So, as we all know, John Kramer’s been diagnosed with cancer, very aggressive brain cancer, and likely doesn’t have much time left. And he’s tried everything under the sun, doing a ton of meticulous research, we’d expect nothing less from our master of the art of murder, and not one thing has worked. Yet one man from the support group for cancer sufferers, Henry (Michael Beach), offers an off-the-books supposed miracle cure, and John jumps at the chance.
Why does this nonsense always sound too good to be true? Because it is. Deleted scenes from the first Deadpool movie already told us why traveling to Mexico for any kind of medical cure is a sublimely stupid move, but Kramer is desperate. And while he might be sick and dying, John Kramer has never been what anyone could call stupid. So the villa out in the Mexican countryside, the affable cab driver Diego (Joshua Okamoto) professes surprise at Kramer being highjacked for his good, the nervous muttering from assistant Valentina (Paulette Hernandez), the side-eyeing from little housekeep Gabriela (Renata Vaca) and her tequila, and most especially the smooth and smarming reassurances of head “doctor” Cecilia Pederson (Synnove Macody Lund), all leave a kind of sour taste in John’s mouth.
The whole cluex4 scene is done in the style that the Saw films are known for, where we the audience are treated to cut-together explanatory scenes in a flip-flash fashion of usually about two minutes, for poor John when he realizes he’s been hoodwinked and just how badly, seems a little contrived. But then it’s entirely possible that we the audience truly expected our genius mastermind of the infamous Jigsaw murders to have realized what was happening sooner, and got enraged along with Kramer. And cheered as he prepared to take his bloody and ultra-violent revenge!
First up in our grand guignol of executions is the return of Jigsaw’s first protégé, Amanda (Shawnee Smith). And despite her avowed reverence for Jigsaw and his proven “therapy”, Amanda does waver a bit when the scammers are put through the paces of their specially-made Saw traps, and they shriek and blubber and bleed out. The appearance of the ringer of the bunch, Parker (Steven Brand), doesn’t even slow our beloved engineer of the damned down, because we knew Jigsaw would have his other apprentice waiting just off stage, the deliciously vicious Detective Hoffman (Costas Mandylor). Even the monkeywrench of involving little-boy soccer fan Carlos (Jorge Briseno) in the traps, is just another cog in the machine that is the brilliantly plotting mind of John Kramer.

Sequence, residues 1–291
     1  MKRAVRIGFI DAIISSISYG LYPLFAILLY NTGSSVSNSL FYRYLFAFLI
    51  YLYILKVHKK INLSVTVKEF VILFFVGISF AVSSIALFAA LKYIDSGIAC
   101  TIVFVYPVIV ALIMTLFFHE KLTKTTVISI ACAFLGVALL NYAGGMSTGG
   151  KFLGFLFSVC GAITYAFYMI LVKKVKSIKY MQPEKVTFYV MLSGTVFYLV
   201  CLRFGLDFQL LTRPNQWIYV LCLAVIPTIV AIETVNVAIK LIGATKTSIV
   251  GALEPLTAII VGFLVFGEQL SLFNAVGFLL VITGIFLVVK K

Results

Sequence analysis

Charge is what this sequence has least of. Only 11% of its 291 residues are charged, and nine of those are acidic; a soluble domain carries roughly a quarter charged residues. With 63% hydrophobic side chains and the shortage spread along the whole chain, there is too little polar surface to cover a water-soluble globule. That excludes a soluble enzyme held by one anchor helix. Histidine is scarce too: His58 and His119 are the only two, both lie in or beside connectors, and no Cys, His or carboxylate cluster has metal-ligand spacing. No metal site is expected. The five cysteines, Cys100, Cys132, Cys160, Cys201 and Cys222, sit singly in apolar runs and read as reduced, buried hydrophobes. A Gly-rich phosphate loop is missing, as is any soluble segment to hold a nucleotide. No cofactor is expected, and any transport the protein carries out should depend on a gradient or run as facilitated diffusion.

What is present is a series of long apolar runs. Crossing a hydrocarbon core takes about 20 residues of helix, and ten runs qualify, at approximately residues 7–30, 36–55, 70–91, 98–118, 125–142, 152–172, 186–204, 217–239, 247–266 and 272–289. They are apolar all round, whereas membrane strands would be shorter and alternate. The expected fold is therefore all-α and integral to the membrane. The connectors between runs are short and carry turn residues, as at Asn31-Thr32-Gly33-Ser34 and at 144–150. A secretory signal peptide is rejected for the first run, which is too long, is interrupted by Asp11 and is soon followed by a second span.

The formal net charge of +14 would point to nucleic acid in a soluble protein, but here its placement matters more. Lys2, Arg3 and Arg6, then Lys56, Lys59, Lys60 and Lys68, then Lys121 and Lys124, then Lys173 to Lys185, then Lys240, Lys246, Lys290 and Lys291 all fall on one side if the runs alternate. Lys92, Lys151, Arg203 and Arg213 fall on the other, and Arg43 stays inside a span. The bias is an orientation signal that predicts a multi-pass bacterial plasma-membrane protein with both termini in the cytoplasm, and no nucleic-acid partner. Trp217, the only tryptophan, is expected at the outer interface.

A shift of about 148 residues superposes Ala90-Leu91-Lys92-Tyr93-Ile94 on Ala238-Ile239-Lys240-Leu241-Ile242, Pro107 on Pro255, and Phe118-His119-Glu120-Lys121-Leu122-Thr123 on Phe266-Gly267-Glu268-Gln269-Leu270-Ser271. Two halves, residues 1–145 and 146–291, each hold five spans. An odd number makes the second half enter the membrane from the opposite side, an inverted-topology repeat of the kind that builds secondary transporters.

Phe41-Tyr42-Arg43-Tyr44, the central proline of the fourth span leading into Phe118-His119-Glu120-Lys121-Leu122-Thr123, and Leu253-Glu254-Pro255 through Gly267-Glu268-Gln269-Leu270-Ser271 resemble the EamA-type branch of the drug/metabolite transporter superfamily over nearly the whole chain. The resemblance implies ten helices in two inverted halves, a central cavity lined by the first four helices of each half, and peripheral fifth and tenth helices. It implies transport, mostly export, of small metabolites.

A fine addition to the Saw legends, showcasing a return to the beloved style and panache of the original Tobin Bell-starring Jigsaw films, Saw X is splashing gore and gallons of blood in theaters now!
Scott Pilgrim Takes Off
“Scott Pilgrim Takes Off,” Netflix’s latest series, is a rollicking journey through the world of video game culture, blending nostalgic references with a fresh narrative twist. Centered around Scott Pilgrim, portrayed with magnetic charisma by Michael Cera, the show skillfully integrates gaming elements into its storytelling, creating a delightful homage to the video game subculture.
The series cleverly employs pixelated graphics, power-up animations, and game-like sound effects to bring the virtual world to life. These visual cues, reminiscent of classic video games, enhance the storytelling and resonate with audiences familiar with the gaming landscape. The attention to detail in recreating iconic gaming moments is commendable, creating a visual and auditory treat for enthusiasts.
The exploration of video game culture goes beyond mere aesthetics; it becomes an integral part of the characters’ identities and interactions. The script intelligently weaves gaming terminology and tropes into the dialogue, effectively blending the real and virtual worlds. The series navigates the challenges and triumphs of the characters through the lens of gaming, making it a unique and engaging experience for both gamers and general audiences.
The ensemble cast, including standout performances from Mary Elizabeth Winstead, Ellen Wong, and Chris Evans embraces the gaming theme with infectious enthusiasm. The chemistry between the characters is palpable, adding emotional depth to the series.
“Scott Pilgrim Takes Off” successfully taps into the zeitgeist of video game culture, offering a nostalgic yet contemporary take on the gaming phenomenon. It’s a must-watch for those who cherish the pixelated roots of the gaming world while providing an accessible and entertaining narrative for a broader audience. The series takes off not only in its title but also in its ability to soar within the ever-expanding realm of Netflix originals.